Because Cubby had called his shot, and in a way, no one was surprised about it in the least.

The Important Stuff

I use this forum for a lot of things.  I unpack my opinions, and biases, and experiences both exhilarating and mundane onto all of you, and you all willingly play along, which is awfully kind of you. But today, I have to talk about something that is very close to my heart, and of the utmost importance to me. Sometimes this subject can be controversial or even occasionally divisive, but it is important and I think it needs an open debate.

I’m talking about chocolate bars.  More specifically, which chocolate bars are the best to eat while sitting on a deer stand. I have particular opinions on this essential deer camp debate, and although this list is not exhaustive, I do think that it covers the chief candidates.  By way of a disclaimer this list is regional in that I won’t be able to give an informed deer hunting opinion on American chocolate bars not available up here in The Great White North.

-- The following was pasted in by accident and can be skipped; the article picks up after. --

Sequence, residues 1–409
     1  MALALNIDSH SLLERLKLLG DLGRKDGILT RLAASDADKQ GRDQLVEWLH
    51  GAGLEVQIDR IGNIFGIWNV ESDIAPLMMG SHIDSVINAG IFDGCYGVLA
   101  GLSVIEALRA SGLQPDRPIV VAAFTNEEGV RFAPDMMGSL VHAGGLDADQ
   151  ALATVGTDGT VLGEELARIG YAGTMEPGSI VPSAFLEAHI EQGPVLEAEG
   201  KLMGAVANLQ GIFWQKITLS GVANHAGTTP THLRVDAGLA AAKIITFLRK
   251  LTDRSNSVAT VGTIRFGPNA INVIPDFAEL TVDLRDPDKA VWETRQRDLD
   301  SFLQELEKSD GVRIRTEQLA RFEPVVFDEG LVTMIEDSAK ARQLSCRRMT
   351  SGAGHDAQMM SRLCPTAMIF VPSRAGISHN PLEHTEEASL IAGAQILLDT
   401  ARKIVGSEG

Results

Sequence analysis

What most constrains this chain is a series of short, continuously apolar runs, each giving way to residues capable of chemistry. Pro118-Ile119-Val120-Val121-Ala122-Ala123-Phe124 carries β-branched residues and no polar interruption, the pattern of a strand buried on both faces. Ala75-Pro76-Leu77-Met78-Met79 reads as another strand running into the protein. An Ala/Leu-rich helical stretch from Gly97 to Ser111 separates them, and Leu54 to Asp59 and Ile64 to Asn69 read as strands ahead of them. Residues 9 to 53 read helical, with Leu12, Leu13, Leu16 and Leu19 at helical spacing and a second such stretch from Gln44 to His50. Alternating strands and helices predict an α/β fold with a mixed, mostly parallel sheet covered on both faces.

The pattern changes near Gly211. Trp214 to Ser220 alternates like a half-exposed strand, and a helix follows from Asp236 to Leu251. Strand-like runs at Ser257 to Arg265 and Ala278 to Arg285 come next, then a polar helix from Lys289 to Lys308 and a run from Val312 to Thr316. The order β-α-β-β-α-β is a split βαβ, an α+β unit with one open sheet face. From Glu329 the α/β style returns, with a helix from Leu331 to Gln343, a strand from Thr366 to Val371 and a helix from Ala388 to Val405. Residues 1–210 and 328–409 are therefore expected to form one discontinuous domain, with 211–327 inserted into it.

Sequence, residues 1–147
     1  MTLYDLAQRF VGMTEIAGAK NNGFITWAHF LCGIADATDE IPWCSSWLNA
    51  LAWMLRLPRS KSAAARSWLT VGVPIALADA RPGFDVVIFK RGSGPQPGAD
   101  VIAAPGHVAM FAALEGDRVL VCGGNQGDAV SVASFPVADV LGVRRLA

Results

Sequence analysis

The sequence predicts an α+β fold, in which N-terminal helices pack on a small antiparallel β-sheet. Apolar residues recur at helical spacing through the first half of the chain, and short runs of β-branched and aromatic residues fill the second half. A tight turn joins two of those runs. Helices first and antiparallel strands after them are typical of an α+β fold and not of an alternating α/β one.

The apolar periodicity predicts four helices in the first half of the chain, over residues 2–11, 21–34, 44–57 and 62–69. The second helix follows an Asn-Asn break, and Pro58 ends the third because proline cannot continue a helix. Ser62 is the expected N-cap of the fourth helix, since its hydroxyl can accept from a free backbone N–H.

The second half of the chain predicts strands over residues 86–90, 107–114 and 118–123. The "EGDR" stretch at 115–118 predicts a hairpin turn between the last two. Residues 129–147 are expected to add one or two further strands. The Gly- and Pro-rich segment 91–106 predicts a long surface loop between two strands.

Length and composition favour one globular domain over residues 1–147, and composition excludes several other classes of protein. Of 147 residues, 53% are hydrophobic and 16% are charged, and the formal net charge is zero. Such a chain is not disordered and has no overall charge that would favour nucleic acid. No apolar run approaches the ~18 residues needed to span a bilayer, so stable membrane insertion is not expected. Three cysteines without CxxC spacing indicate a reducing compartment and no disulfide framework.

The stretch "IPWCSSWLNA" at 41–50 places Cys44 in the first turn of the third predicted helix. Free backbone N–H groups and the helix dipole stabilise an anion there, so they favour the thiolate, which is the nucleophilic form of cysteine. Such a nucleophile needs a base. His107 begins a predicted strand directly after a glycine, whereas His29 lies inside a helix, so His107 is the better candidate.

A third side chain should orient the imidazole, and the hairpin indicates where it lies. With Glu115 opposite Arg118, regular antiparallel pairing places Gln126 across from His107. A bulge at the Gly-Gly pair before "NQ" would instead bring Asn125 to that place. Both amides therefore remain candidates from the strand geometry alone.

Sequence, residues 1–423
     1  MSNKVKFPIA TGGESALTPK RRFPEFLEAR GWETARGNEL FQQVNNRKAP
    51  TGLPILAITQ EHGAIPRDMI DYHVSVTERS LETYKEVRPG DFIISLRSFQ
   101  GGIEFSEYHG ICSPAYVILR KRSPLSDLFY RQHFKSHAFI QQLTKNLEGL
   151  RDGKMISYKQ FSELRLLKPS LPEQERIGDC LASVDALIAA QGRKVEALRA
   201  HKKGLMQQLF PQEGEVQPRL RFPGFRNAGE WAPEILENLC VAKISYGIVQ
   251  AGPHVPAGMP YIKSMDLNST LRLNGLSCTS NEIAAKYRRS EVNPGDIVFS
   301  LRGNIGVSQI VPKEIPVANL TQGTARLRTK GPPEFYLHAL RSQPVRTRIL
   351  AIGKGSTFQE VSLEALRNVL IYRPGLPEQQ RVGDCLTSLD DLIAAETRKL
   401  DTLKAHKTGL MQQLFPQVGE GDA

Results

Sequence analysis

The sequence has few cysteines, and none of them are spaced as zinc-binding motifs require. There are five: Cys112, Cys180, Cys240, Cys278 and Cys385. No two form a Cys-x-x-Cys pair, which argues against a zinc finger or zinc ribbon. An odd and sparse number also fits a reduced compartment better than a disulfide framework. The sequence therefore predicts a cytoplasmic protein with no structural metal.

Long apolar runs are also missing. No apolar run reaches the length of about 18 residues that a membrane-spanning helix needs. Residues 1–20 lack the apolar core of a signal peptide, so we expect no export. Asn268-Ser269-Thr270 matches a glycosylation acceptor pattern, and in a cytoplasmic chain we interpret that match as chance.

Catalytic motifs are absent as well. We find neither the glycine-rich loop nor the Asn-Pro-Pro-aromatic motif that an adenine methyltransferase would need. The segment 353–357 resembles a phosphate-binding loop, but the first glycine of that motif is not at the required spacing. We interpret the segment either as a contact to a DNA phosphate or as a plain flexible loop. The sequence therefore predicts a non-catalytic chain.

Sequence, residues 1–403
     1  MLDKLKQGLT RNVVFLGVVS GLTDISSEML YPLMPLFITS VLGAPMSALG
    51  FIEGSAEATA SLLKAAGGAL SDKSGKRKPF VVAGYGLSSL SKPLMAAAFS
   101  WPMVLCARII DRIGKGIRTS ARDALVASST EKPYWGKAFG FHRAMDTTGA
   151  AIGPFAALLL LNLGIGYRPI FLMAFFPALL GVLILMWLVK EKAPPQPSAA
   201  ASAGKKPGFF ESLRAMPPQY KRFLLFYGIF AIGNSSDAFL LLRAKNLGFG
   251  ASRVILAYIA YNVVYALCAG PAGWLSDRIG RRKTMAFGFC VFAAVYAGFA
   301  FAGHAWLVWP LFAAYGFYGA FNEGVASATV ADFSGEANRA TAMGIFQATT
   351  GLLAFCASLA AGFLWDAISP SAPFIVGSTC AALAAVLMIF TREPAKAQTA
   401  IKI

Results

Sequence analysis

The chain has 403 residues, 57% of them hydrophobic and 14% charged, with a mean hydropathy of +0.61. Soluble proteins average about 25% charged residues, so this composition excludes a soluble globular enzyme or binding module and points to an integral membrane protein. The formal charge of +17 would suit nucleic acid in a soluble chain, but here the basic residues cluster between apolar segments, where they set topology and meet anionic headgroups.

Mr. Big

I’ve always had a dream of shooting a giant buck while I was eating a Mr. Big bar.  I could then have a ready-made nickname for my trophy that would also align with the story of how I shot it. To date this has not happened.  A Mr. Big has a lot going on, and can thus be distracting in its deliciousness. Caramel, peanuts, and wafer wrapped in chocolate will vie for your attention, maybe giving a wily deer a jump on you while you black out from candy pleasure. It is also just a giant piece of candy, being one of, if not the, largest bar you can buy in Canada.  Gets a solid 9 out of 10 from me, and at least one or two should be on your packing list this year.

 

Mars